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Welfare State and Labor Mobility: The Impact of Bismarck's Social Legislation on German Emigration before World War I

Published online by Cambridge University Press:  01 March 2008

DAVID KHOUDOUR-CASTÉRAS*
Affiliation:
Professor of Economics, Universidad Externado de Colombia, Facultad de Finanzas, Gobierno y Relaciones Internacionales, Carrera 1 No. 12-66, Bogotá, Colombia. E-mail: david.khoudour@uexternado.edu.co.

Abstract

The rapid decline of German emigration before World War I constitutes a puzzle that traditional explanations have difficulty in solving. The article shows that the social legislation implemented by Bismarck during the 1880s—the most developed at the time—played a key role in this process. Indeed, candidates for migration considered not only the gap between “direct wages” (labor earnings) in the United States and Germany, but also the differential in “indirect wages,” that is, social benefits. In that way, Bismarck's insurance system partly offset low wage rates in Germany and furthered the fall of the emigration rate.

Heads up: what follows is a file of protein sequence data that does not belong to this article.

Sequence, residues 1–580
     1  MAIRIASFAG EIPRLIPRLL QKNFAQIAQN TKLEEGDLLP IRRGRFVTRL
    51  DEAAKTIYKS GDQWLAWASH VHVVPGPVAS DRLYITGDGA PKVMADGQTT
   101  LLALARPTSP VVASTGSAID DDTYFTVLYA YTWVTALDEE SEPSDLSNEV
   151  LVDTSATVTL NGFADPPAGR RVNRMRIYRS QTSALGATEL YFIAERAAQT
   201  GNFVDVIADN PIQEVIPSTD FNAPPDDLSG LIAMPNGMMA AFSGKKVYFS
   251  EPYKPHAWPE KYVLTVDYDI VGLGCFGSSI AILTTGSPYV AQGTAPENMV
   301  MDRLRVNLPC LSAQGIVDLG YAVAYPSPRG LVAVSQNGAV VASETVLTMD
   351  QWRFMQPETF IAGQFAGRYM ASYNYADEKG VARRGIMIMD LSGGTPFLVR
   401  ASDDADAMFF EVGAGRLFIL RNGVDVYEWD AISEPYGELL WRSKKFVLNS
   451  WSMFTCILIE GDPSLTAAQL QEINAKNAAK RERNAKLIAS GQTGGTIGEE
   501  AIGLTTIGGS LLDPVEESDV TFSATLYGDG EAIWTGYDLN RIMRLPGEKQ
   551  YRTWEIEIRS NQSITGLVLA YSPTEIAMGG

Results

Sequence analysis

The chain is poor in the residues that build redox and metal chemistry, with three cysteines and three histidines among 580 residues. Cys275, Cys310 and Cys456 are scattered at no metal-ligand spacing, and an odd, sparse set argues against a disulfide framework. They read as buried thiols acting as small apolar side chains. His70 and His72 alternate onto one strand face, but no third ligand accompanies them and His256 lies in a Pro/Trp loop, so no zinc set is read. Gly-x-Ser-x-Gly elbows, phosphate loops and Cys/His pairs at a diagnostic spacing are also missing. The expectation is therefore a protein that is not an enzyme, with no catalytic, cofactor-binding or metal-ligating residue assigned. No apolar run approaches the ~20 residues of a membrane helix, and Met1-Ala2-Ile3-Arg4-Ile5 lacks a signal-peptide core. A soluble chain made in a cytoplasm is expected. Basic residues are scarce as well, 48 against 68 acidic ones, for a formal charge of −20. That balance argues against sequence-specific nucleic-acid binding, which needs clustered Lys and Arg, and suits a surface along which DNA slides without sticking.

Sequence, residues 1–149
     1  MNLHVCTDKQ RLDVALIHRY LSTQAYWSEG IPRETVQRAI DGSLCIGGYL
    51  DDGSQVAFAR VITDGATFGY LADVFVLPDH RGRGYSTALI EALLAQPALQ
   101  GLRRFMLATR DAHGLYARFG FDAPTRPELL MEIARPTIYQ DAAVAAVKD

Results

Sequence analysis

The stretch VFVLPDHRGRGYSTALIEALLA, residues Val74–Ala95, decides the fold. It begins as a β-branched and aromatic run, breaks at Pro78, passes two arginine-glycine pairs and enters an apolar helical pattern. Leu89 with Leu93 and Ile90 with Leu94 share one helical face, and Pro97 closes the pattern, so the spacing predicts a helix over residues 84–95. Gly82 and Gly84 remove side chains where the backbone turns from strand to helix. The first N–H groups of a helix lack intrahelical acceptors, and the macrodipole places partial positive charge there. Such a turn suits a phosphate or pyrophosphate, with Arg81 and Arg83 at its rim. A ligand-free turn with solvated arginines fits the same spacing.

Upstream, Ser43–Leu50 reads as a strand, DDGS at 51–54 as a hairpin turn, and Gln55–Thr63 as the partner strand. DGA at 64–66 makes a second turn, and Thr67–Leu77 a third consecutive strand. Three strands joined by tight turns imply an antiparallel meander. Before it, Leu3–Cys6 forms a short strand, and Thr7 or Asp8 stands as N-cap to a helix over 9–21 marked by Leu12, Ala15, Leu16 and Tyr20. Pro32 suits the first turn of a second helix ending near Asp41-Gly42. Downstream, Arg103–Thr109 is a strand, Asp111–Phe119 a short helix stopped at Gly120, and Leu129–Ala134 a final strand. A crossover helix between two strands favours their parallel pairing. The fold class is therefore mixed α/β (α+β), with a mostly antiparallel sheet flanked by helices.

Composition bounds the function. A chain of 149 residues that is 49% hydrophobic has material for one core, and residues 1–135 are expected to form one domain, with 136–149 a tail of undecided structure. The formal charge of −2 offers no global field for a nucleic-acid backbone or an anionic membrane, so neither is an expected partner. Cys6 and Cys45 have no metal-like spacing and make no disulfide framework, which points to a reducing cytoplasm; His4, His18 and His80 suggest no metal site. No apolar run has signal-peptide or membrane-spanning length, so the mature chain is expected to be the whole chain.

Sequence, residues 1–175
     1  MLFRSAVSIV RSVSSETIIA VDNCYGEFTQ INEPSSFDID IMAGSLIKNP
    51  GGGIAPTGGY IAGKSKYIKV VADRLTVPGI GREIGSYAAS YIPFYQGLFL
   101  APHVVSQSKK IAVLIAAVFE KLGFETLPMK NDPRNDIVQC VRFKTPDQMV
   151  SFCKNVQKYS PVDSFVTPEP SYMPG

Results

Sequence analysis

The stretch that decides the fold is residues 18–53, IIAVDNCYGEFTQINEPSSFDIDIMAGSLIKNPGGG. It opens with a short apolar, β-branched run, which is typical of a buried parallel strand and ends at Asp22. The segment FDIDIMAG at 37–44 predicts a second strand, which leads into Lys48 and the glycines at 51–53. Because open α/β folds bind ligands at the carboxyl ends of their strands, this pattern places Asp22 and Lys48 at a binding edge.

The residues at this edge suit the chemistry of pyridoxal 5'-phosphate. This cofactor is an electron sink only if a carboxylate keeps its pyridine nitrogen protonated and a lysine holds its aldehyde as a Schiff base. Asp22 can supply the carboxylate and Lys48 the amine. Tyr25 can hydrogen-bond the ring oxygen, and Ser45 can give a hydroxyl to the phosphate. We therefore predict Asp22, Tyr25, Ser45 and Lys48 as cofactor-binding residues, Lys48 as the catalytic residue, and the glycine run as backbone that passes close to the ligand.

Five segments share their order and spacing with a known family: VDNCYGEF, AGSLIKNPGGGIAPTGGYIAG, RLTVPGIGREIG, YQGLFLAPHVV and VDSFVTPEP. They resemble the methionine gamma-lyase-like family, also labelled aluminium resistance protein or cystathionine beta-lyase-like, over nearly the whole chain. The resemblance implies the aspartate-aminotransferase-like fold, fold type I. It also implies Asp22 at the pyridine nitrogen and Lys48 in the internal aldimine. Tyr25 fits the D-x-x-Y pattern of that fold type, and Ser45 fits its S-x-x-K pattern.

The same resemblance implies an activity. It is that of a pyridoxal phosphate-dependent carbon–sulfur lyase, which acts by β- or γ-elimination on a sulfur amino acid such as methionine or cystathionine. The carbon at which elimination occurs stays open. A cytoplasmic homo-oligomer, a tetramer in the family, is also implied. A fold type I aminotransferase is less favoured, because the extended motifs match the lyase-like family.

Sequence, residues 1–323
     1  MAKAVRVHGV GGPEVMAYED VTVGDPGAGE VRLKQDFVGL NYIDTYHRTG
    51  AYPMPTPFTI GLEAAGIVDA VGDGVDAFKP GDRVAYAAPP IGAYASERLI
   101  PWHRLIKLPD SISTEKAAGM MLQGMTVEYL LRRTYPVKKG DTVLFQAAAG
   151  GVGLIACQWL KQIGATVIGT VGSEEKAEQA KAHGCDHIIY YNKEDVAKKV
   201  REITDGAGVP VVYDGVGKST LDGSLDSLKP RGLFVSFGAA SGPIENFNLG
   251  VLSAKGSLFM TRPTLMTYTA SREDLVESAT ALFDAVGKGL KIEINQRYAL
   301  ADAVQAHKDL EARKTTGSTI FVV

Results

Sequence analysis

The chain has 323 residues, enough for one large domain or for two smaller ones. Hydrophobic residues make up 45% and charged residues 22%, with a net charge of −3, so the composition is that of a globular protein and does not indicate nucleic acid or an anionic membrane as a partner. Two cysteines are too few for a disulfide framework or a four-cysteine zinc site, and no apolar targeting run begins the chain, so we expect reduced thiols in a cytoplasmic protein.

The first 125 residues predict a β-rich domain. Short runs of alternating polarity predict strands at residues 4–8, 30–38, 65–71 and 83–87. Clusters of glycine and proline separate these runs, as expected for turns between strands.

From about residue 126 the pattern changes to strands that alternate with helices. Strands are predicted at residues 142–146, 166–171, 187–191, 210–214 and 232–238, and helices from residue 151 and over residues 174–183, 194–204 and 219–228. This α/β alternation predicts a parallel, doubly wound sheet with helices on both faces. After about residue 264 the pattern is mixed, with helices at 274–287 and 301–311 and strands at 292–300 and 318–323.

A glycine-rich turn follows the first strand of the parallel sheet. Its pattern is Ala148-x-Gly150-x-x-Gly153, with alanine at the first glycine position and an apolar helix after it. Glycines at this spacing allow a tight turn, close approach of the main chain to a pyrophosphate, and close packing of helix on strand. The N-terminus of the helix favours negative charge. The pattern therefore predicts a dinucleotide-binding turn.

O sprecht! warum zogt ihr von dannen?
      Das Neckartal hat Wein und Korn;
      Der Schwarzwald steht voll finstrer Tannen,
      Im Spessart klingt des Ålplers Horn.
      Wie wird es in den fremden Wäldern
      Euch nach der Heimatberge Grün,
      Nach Deutschlands gelben Weizenfeldern,
      Nach seinen Rebenhügeln ziehn!
    Ferdinand Freiligrath1

Type
ARTICLES
Copyright
Copyright © The Economic History Association 2008

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